When bombs hit Pearl Harbor 71 years ago Friday, Ray Parker immediately enlisted. During the war, his B-24 was shot down and he survived a German POW camp, running an underground newspaper. Parker was among the veterans who gathered in Santa Monica Friday to remember the "day that would live in infamy." Patrick Healy reports from Santa Monica for the NBC4 News at 5 p.m. on Dec. 7, 2012.
When bombs hit Pearl Harbor 71 years ago Friday, Ray Parker immediately enlisted. During the war, his B-24 was shot down and he survived a German POW camp, running an underground newspaper.
Now 89 years old, Parker remembers the "total jumble and panic" that ensued when word of the attack first reached Los Angeles. Parker was the copy boy at LA's Examiner newspaper during the graveyard shift that Sunday morning.
"Suddenly the teletypes go off," he recalled.
Then the phones began ringing. Before that morning he had never heard of Pearl Harbor, but he learned quickly.
"It was a totally unexpected attack and they succeeded," he said.
Imperial Japanese fighter planes devastated the Hawaiian headquarters of the U.S. Pacific fleet, sinking battleships, destroying airplanes and killing more than 2,000 Americans.
Even before a then-18-year-old Parker knew the details of the attack that triggered the entry of the United States into World War II, he realized that morning it was his duty and honor to enlist. He chose the Army Air Corps.
It being Sunday, he had to wait a day.
"Everyone took this war seriously and lined up at recruiting stations the day after Pearl Harbor," he said.
That was the day then-President Franklin Roosevelt referred to the "date that will live in infamy" as he asked Congress for a declaration of war.
Parker was among those sharing remembrances Friday – the 71st anniversary of the attack – at Santa Monica's Wise and Healthy Aging Center.
The war having been a rite of passage for his generation, Parker is but one of several World War II veterans who attend events at the Center on a regular basis. William Reed, Ernest Barnes and Norman Borisoff also all saw combat.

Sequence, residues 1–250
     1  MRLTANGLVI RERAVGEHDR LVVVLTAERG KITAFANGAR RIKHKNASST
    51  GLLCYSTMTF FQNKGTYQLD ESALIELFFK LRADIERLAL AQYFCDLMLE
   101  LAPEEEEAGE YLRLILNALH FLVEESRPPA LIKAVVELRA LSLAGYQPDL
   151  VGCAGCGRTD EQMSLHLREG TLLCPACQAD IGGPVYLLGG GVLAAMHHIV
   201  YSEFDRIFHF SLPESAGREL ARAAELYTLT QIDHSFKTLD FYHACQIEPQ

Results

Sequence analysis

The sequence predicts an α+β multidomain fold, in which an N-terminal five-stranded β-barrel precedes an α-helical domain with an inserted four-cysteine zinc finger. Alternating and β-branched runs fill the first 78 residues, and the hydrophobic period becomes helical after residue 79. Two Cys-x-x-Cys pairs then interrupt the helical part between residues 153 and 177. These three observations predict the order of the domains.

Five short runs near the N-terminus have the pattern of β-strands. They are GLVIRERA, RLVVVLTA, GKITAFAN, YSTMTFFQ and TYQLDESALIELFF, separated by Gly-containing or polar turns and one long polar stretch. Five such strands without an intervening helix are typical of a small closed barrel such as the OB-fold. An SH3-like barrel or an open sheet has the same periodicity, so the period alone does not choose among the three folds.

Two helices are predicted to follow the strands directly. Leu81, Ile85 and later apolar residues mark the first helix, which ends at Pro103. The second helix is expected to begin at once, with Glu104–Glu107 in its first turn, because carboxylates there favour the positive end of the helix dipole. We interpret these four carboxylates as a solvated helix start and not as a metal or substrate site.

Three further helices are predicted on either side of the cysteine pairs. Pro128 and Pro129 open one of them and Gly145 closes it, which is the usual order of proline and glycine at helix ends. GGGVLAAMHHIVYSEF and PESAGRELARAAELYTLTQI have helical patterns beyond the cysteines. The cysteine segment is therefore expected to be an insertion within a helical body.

Many of the women present recalled how America pulled together on the home front.
Akiko Mitsui had a different perspective as a first generation Japanese-American. Then in junior high school, she and her parents were sent to an internment camp for the war's duration while her brothers served in the army. "Isn't it crazy? Yeah," she said. "Luckily, none of them were killed."
As a flight navigator, Parker flew eight successful combat missions over Europe. On the night in 1944 his B-24 was shot down by machine gun fire, his co-pilot was killed.
"I could feel the bullets hitting the side," he recalled. His book, "Down in Flames," described tumbling from the sky. He marvels that he survived, not having had time to completely cinch up all the straps of his parachute harness.
As German forces closed in, Parker tried to hide under some leaves, but was found and captured. He was held the rest of the war in a German POW camp.
When the ranking U.S. officer learned Parker had worked at a newspaper, he was placed in charge of writing the underground publication distributed clandestinely to the POWs. The information for it was gleaned by listening to a radio hidden from the camp guards.
"It was almost like Hogan's Heroes," chuckled Parker, referring to the 1960's TV sitcom that portrayed Nazis as buffoons.
Parker himself would work in 1960s television after returning to civilian life. He connected with popular TV host Art Linkletter, and served as the chief writer for Linkletter's show, House Party.
For years after the war, Parker now realizes, he suffered from what was later described as PTSD, or post traumatic stress disorder.
Three months before the end of the war, prison guards had discovered his underground newsletter. Parker was put in solitary confinement with the expectation every day that he would be executed. Then one day, the guards disappeared as Allied Forces from the Russian Army arrived.
The prisoners had to remain in camp until Germany formally surrendered, but Parker remembers the Russian commander telling him he could resume writing his newsletter.
Reflecting on his experience seven decades later, Parker observed, "I don't think Americans want to fight war. We did so only because we were attacked. I suspect that's still the case."